Why so difficult?? Well, at least you are ahead of the game by knowing that it is important to match revolutions of the front and rear driveshafts. Although sometimes this match is not one to one....it depends on how the shafts are driven of course. Yes, the information is hard to find on some tires. I've had the same problem. And yes, the circumference is not pi*diam. on a tire because it deforms as it compresses. Worse, the deflection will vary with load and with air pressure! Also, you are not going to be able to exactly match your existing ratio. So what are you willing to accept in percentage mismatch? I'll guarantee that if you compare the ratio of the tires you have on there now with
the drive ratios (drive shaft drive and differential gears) by counting the gear teeth that you will find that you already have some mismatch.
I can help you with this or at least provide a sounding board. First thing you need to do is measure the rolling circumference as Scott suggested and then count the gear teeth. What do you get for existing mismatch??






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 11-18-1999, 00:00 Post: 10207
Jack in IL



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 Rolling-Circumferece

The "formula" for rolling circumference for Ag Tires (R1) can be found in the Engineering Handbook provided by the Tire and Rim Association. It is not "simple." The book has to be ordered from TRA and is most often used by vehicle engineers. The Firestone Farm Tire Book doesn't list RC data for the small turf tires you are seeking because as of now Firestone doesn't produce them. They are listed in the Goodyear Handbook which you can pick up at any Goodyear Farm Tire Dealer. (That one book includes agricultural tires plus terra-tires and turf-tires that Goodyear offers.) The turf sizes listed go down into the range of lawn and garden tractor sizes which are smaller than you would probably want on refitting a compact tractor. I think this is your best source for easily getting the data you want. When making the final selection of front and rear tires, you want the theoretical travel speed of the front to lead the rear by about 1-3%.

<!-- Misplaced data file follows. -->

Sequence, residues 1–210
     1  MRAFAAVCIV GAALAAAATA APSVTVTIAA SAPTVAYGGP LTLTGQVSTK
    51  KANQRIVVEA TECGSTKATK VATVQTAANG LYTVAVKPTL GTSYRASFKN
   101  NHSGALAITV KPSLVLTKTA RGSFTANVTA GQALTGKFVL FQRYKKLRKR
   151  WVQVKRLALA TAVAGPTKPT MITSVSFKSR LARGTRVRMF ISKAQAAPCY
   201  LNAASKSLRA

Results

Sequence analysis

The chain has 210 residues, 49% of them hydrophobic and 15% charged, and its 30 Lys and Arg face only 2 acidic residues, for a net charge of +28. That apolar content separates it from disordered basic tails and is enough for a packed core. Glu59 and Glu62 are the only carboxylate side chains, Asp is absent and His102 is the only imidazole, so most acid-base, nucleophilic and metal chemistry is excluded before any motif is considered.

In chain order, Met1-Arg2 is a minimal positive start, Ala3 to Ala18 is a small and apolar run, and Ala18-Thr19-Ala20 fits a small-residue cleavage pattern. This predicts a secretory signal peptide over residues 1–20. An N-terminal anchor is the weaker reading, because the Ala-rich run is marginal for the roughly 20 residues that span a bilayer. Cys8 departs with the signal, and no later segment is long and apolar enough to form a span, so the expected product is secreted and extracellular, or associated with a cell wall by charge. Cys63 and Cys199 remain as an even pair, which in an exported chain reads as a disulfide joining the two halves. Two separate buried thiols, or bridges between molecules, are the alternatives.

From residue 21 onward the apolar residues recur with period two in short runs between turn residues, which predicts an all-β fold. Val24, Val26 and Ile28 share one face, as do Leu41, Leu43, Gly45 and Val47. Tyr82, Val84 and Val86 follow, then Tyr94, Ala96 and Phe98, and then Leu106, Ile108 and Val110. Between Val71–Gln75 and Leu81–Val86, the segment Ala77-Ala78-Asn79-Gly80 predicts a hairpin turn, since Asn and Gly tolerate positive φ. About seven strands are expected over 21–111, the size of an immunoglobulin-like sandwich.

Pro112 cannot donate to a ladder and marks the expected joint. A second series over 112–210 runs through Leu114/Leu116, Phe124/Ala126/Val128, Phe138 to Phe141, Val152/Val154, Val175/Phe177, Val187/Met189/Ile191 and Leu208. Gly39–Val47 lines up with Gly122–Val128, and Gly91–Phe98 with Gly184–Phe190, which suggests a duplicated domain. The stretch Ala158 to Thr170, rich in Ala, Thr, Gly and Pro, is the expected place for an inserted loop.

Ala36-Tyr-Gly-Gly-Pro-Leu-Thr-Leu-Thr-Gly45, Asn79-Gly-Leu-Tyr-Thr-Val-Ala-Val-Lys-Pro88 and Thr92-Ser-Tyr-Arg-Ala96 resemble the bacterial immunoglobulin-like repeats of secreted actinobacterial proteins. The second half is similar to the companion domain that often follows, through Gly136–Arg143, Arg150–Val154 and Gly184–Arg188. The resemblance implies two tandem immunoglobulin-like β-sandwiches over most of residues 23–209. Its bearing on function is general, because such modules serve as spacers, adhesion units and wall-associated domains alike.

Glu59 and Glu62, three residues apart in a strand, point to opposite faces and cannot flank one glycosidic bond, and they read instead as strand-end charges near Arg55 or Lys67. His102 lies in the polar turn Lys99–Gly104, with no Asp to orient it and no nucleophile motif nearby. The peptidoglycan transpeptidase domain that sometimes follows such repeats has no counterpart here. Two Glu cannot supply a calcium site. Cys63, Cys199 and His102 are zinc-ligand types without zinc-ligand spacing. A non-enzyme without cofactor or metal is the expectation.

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 11-18-1999, 00:00 Post: 10228
scott



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 Rolling-Circumferece

try titan tire.they have an 800 # on there web site.i called it when i changed from turf to r4.to get spec info. i am not sure of your reason to go smaller but i can tell you it will ride rougher






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 12-01-1999, 00:00 Post: 10556
Todd



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 Rolling-Circumferece

Thanks for the information on obtaining rolling circumference figures for smaller sized turf tires. I have actually determined that I can use a 315/75-16 truck tire to obtain the diameter & r/c I need without having to downsize the rim to the 15 inch. My reason to go smaller is for a high density apple orchard. With the tight planting I don't have much room in the rows so both narrow and short is better.

Thanks again.






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Discussion Boards > Active Subjects > Messages as Posted > Tractor Tires Forum

Thread 10161 Filter by Poster:
Jack in IL 2 | Roger L. 1 | scott 2 | Todd 4 |